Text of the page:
Amphibious forces join for major exercise

This article has photo gallery Published on LEUT Mick Wheeler (author), PTE Cameron Sykes (photographer)

Topic(s): HMAS Canberra (L02), HMAS Choules (L100), Exercise SEA EXPLORER

Landing craft return to HMAS Canberra on completion of training activities during Exercise SEA EXPLORER 2018. (photo: PTE Cameron Sykes)
Landing craft return to HMAS Canberra on completion of training activities during Exercise SEA EXPLORER 2018.

Navy’s amphibious focus has shifted into top gear with two Task Groups now deployed across the region. While the Indo-Pacific Endeavour Task Group continues its successful deployment in the South West Pacific, a major exercise has concluded off the north Queensland coast. Exercise SEA EXPLORER was one of a series of exercises, providing an opportunity for both Navy and Army to participate in community events in the town of Bowen. 

Amphibious operations are among the most complex, required for humanitarian assistance and disaster relief, non-combatant evacuation, and joint combat operations. SEA EXPLORER was held over the anniversary of the D-Day landings, which took place on the 6th June 1944 on the coast of France. Commander of the Amphibious Task Group, Captain Paul O’Grady, acknowledged both the historic significance of the exercise as well as the importance of support from the community.

“SEA EXPLORER 2018 coincided with the anniversary of the D-Day landings which of course was the largest amphibious operation in history,” he said.

“Some 500 Australian sailors participated in D-Day, with the Royal Navy operating landing craft with similarity to the landing craft activity that has been undertaken with this exercise.”

SEA EXPLORER has tested Navy’s ability to deploy an amphibious force in a controlled environment. But even under controlled circumstances, these sorts of activities involve many moving parts.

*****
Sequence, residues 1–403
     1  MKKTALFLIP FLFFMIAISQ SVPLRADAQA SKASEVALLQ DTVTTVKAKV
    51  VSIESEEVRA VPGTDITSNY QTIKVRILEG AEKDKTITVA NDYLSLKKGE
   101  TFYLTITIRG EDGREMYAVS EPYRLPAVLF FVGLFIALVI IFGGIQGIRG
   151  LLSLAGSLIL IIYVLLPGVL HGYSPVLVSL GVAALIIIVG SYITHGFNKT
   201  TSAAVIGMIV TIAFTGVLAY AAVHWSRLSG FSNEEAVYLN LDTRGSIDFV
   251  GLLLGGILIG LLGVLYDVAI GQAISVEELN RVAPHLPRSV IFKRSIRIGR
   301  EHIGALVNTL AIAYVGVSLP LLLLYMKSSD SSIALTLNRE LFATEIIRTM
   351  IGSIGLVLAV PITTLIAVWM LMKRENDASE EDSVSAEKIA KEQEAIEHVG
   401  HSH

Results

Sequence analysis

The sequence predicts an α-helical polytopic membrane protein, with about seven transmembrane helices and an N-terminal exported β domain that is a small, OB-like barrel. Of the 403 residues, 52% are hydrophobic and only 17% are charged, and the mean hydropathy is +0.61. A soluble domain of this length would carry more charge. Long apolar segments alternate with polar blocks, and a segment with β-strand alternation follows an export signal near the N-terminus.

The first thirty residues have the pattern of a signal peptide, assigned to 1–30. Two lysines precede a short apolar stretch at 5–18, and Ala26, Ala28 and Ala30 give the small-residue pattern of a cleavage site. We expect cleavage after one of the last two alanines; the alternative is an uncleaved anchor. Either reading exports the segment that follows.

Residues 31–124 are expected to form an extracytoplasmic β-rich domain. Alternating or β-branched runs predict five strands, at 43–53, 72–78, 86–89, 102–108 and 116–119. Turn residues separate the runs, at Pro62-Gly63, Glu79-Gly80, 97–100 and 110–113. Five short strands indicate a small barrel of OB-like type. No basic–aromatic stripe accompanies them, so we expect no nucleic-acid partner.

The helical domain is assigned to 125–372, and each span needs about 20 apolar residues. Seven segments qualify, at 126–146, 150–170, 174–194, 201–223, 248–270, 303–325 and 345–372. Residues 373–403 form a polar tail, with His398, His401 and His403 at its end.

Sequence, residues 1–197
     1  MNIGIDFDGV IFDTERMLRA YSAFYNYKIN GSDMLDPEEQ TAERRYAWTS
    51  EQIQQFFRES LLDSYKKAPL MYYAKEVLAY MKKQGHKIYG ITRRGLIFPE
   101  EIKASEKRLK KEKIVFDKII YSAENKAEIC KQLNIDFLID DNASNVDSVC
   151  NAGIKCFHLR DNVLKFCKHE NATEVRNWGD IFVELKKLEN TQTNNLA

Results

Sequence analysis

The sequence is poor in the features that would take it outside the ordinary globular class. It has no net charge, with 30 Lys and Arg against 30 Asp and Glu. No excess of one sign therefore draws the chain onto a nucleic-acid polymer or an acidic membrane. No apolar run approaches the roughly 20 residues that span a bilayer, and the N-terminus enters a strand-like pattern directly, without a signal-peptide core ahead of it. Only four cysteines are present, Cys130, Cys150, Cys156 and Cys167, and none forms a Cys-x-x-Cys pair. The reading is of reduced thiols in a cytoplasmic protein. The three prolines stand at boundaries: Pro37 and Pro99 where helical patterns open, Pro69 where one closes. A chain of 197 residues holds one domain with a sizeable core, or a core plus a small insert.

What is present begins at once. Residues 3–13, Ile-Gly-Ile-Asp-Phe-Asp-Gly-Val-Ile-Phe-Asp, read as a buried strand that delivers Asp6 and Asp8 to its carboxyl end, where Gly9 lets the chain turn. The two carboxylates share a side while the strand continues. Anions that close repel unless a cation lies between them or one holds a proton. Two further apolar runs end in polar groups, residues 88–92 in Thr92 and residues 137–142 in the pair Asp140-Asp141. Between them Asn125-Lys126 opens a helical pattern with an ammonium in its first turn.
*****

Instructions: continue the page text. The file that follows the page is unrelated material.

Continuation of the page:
HMAS Choules was among ships participating in Exercise SEA EXPLORER, having just completed another amphibious activity during Exercise CROIX DU SUD in New Caledonia. But it was Navy’s LHD HMAS Canberra which was centrepiece to the exercise with aircraft and landing craft being deployed on a constant basis to move and support troops as they made landings along the coastline around Bowen.

Commander Landing Force, Colonel Malcolm Wells said Sea Explorer provided a first-class opportunity to continue the ADF’s development of a full-spectrum, truly joint, amphibious capability.  

“Each time we do this our understanding of each Service grows,” COL Wells said.  

“Unquestionably this is a joint endeavour and not possible without the full cooperation of each Service." 

Exercise Sea Explorer also involved significant efforts ashore. The Amphibious Task Group (ATG) itself is based at Fleet Headquarters in Sydney. They are an integral part of the Fleet Battle Staff in the COMWAR Branch. The ATG Headquarters typically comprises a standing staff of 60 personnel from across Navy, Army and Airforce with a diverse array of ranks and specialisations represented.   

“Our people are permanently on 48 hours notice to move for a range of situations,” CAPT O’Grady said.

“In fact, our staff can double in size to well over 100 for activities such as the Sea Series and major Exercises such as TALISMAN SABRE.

“I am very proud of our people’s ability to plan, adapt to and execute complex amphibious activities across the full spectrum of operations.”